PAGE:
were wasted." 

" Ha ! " said Holmes, lookingly keenly at her. " It is clear that 
Mrs. Toller knows more about this matter than any one else." 

" Yes, sir, I do, and I am ready enough to tell what I know." 

''Then, pray sit down, and let us hear it, for there are several 
points on which I must confess that I am still in the dark." 

"I will soon make it clear to you," said she; ''and I'd have 
done so before now if I could ha' got out from the cellar. If there's 
police-court business over this, you'll remember that I was the one 
that stood your friend, and that I was Miss Alice's friend too. 

" She was never happy at home, Miss Alice wasn't, from the 
time that her father married again. She was slighted like, and 
had no say in anything ; but it never really became bad for her 
until after she met Mr. Fowler at a friend's house. As well as I 
could learn. Miss Alice had rights of her own by will, but she was 
so quiet and patient, she was, that she never said a word about 
them, but just left everything in Mr. Rucastle's hands. He knew 
he was safe with her ; but when there was a chance of a husband 
coming forward, who would ask for all that the law would give 
him, then her father thought it time to put a stop on it. He wanted 
her to sign a paper so that whether she married or not, he could 
use her money. When she wouldn't do it, he kept on worrying her 
until she got brain fever, and for six weeks was at death's door. 
Then she got better at last, all worn to a shadow, and with her 
beautiful hair cut off; but that didn't make no change in her young 
man, and he stuck to her as true as man could be." 

" Ah," said Holmes, " I think that what you have been good 
enough to tell us makes the matter fairly clear, and that I can 
deduce all that remains. Mr. Rucastle then, I presume, took to 
this system of imprisonment? " 

" Yes, sir." 

" And brought Miss Hunter down from London in order to get 
rid of the disagreeable persistence of Mr. Fowler." 

" That was it, sir." 

" But Mr. Fowler being a persevering man, as a good seamen 
should be, blockaded the house, and, having met you, succeeded by 


certain arguments, metallic or otherwise, in convincing you that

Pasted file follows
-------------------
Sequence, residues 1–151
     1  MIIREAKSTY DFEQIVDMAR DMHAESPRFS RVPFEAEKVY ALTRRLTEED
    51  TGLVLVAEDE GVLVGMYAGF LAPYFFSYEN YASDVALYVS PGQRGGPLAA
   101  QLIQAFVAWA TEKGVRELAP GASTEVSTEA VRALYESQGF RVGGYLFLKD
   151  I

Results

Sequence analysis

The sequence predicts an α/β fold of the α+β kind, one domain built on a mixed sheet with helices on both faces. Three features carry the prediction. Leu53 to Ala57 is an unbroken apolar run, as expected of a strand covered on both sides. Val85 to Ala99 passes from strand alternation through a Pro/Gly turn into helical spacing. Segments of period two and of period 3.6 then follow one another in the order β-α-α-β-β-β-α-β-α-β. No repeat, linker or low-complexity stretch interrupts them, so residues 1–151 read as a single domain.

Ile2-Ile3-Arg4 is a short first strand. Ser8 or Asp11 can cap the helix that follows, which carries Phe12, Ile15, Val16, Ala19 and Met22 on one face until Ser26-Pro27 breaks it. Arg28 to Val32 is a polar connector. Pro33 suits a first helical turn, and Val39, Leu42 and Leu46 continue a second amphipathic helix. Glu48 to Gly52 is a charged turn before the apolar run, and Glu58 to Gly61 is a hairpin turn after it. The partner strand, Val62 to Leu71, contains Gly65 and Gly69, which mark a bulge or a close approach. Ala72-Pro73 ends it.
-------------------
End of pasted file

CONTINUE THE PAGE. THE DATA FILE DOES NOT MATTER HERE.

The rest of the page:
your interests were the same as his." 

*' Mr. Fowler was a very kind-spoken, free-handed gentleman," 
said Mrs. Toller, serenely. 

" And in this way he managed that your good man should have 
no want of drink, and that a ladder should be ready at the moment 
when your master had gone out." 

" You have it, sir, just as it happened." 

*' I am sure we owe you an apology, Mrs. Toller," said Holmes, 
" for you have certainly cleared up everything which puzzled us. 
And here comes the country surgeon and Mrs. Rucastle, so I think, 
Watson, that we had best escort Miss Hunter back to Winchester, 
as it seems to me that our locus standi now is rather a questionable 

And thus was solved the mystery of the sinister house with the 
copper beeches in front of the door. Mr. Rucastle survived, but 
was always a broken man, kept alive solely through the care of his 
devoted wife. They still live with their old servants, who probably 
know so much of Rucastle's past life that he finds it difficult to 
part from them. Mr. Fowler and Miss Rucastle were married, by 
special license, in Southampton the day after their flight, and he is 
now the holder of a Government appointment in the Island of 
Mauritius. As to Miss Violent Hunter, my friend Holmes, rather 
to my disappointment, manifested no further interest in her when 
once she had ceased to be the centre of one of his problems, and 
she is now the head of a private school at Walsall, where I believe 
that she has met with considerable success.